Iodine – Beyond the Salt Shaker: Heads Up To Vegetarians In The Goiter Belt

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Do you live in the goiter belt? Are you vegetarian? Have you switched to sea salt or do you avoid salting your food for health reasons? Iodine intake might be more relevant than you think. Here, we’ll explore the real benefits of taking iodine supplements and when it might be a good idea for you.

What Is Iodine?

Iodine is an essential mineral that plays a critical role in the production of thyroid hormones. Your body can’t make iodine, so you have to get it from your diet. Foods rich in iodine include seafood, dairy products, and iodized salt. Your thyroid gland uses iodine to produce thyroid hormones that control various bodily functions, including metabolism, temperature, and even heart rate. Children need iodine for normal brain development.

For those who don’t get enough iodine through food alone, iodine supplements offer an alternative way to meet this important nutritional need.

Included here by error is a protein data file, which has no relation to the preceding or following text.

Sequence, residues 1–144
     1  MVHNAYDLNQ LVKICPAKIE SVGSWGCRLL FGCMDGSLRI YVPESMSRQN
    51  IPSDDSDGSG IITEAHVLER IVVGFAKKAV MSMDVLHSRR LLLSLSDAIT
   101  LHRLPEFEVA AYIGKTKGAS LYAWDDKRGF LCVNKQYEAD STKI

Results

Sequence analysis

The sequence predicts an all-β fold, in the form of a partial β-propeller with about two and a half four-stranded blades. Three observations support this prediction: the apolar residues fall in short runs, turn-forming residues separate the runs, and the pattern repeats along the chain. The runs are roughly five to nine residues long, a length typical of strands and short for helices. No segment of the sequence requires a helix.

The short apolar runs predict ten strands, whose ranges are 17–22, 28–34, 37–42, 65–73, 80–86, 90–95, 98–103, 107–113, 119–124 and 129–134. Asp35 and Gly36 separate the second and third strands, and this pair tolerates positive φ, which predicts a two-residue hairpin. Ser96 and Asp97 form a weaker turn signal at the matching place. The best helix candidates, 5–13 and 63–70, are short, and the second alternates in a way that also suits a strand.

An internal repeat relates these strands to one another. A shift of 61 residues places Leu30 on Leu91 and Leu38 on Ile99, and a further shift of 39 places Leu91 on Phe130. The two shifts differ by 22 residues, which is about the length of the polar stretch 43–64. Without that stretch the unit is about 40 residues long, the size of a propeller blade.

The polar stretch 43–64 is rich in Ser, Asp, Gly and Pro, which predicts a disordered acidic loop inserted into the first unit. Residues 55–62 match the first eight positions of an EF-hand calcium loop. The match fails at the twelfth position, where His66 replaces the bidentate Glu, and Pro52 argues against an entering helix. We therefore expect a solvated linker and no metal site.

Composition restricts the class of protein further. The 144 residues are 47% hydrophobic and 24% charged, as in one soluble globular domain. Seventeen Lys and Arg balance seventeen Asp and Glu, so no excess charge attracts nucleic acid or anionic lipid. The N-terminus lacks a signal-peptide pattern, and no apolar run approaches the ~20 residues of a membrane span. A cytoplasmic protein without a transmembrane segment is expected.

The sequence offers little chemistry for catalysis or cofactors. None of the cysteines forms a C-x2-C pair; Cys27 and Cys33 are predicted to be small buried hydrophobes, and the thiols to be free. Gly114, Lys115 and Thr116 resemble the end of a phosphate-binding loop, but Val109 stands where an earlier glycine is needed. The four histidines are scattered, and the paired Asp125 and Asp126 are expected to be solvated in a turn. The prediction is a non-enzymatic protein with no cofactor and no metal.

What Are the Benefits of Iodine?

  • Fetal and Neonatal Development: Adequate iodine during pregnancy is critical for the development of the baby’s brain and nervous system, decreases the risk of stillbirth and infant mortality, and prevents cretinism, which is characterized by stunted physical and intellectual growth. [*]
  • Thyroid Function: Iodine is crucial for the production of thyroid hormones, which regulate metabolism, affecting energy levels and body temperature. Not enough iodine can cause hypothyroidism with symptoms like fatigue, weight gain, and feeling cold. [*]
  • Cognitive Development and Function: Necessary for the development of the brain and nervous system, especially during pregnancy and early childhood, iodine is linked to better cognitive outcomes in children. Its deficiency may result in learning difficulties and reduced mental function. [*]